Be Cautious of the Honeypot or You Might Get Stung

Before a phone number can be assigned and given to a consumer, telephone carriers test the number to see if it receives a large amount of phone calls.  Because consumers do not want a new phone number that receives numerous unsolicited calls, the numbers receiving large amounts of calls are taken off the market and deemed “dirty” or “abandoned.”  

Interestingly, Telephone Science Corporation (“TSC”), which operates a free, for-profit, call-blocking service called Nomorobo, has reportedly purchased hundreds of thousands of these “dirty” numbers from various telephone carriers.

TSC describes this collection of dirty numbers as “honeypots” because they attract a significant amount of unsolicited, telemarketing calls.  When telemarketers call these abandoned numbers, they inadvertently allow TSC to put the received telemarketing number into its ever-growing internal database.  TSC is then able to keep track of the amount of times a telemarketer makes an unsolicited call to a TSC-purchased “dirty” number with an internally-developed algorithm.  

TSC uses this information to assert violations of the Telephone Consumer Protection Act (“TCPA”) against the telemarketers making these calls.

Since 2014, TSC has alleged TCPA violations against five different companies.
TSC generally claims that defendants made numerous illegal calls to a portion of TSC’s honeypot-numbers, and often requests tens of millions of dollars for these alleged violations. 

The TCPA bans making any call using any automatic telephone dialing system (“ATDS”) to any telephone number assigned to a cellular telephone service without the prior express consent of the called party.  The TCPA allows recipients of those calls to sue for penalties of $500 to $1500 per call, even if there is no actual harm caused by the calls.

Here, TSC is actually financially benefitting from receiving these “unwanted” calls, as its database grows with each telemarketing call received, and is, therefore, able to strengthen its algorithm.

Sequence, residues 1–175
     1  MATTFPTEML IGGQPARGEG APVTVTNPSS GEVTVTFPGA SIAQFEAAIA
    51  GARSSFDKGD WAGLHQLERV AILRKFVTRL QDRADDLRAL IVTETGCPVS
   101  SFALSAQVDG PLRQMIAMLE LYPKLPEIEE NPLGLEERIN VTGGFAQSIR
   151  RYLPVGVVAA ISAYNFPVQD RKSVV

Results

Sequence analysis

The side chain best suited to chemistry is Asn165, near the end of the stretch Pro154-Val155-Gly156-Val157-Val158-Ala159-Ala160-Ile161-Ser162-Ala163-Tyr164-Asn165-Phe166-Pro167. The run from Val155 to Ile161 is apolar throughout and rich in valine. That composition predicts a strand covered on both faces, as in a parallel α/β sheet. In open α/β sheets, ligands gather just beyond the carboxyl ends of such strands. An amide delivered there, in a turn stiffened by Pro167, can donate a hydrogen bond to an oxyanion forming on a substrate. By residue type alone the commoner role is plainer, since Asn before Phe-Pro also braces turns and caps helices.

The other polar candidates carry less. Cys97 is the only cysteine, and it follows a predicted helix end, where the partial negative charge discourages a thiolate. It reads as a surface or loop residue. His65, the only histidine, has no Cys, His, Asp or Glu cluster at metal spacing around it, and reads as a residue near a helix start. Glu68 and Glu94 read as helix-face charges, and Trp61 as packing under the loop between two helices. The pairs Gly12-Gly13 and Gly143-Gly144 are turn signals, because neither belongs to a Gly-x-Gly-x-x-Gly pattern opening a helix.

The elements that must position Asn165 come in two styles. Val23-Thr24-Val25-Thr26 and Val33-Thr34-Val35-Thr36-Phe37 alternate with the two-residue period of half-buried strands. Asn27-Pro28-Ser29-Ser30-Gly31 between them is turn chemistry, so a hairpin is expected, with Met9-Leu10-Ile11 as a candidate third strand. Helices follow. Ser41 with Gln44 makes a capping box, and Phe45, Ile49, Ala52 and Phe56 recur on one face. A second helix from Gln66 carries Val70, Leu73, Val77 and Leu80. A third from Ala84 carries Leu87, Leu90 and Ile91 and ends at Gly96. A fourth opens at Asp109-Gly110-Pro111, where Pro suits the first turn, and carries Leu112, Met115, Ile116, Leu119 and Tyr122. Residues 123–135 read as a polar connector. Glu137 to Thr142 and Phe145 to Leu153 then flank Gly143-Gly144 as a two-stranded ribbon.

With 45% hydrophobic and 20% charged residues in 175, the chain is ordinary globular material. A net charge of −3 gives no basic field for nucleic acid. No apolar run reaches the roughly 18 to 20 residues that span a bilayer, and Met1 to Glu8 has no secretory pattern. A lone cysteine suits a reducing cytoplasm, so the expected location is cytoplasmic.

Defendants also generally argue that one of the TCPA’s purposes is to protect consumers from unwanted calls in their homes, not to protect companies that buy black-listed numbers, luring telemarketing calls.

Aaron Foss, owner of TSC, developed Nomorobo after winning a Federal Trade Commission contest, which focused on ideas to block unsolicited telemarketing calls to consumers.  

Nomorobo uses a “simultaneous ringing” system.  Simultaneous ringing allows any incoming call going to a Nomorobo-subscriber’s phone to also ring to a Nomorobo phone number at the same time.  After a while, Nomorobo gathered enough calls, or numbers, to use its own software system to decipher which calls going to its Nomorobo phone numbers were telemarketing and which were not.  The software system is then able to prohibit, or “blacklist,” the robo-call numbers that call the subscriber in the future, and, accept, or “whitelist,” incoming numbers it thinks allowable to let fully ring to the subscriber’s number.

Reportedly, Foss claims to fund Nomorobo with donations and by selling its collected robo-call numbers to other telephone carriers, like Twilio and Ooma, who can then use the numbers for their own call-blocking systems.  Still, a database that quickly and exponentially increases in size, such as Nomorobo’s, would presumably require a substantial amount of money to properly maintain.* 

As always, telemarketers should be avoiding Nomorobo’s honeypots by complying with all TCPA regulations, or they might get stung.

*See Comments of CTIA – The Wireless Association, § II(A), p. 9 (Jan. 23, 2015), available at http://apps.fcc.gov/ecfs/document/view?id=60001016266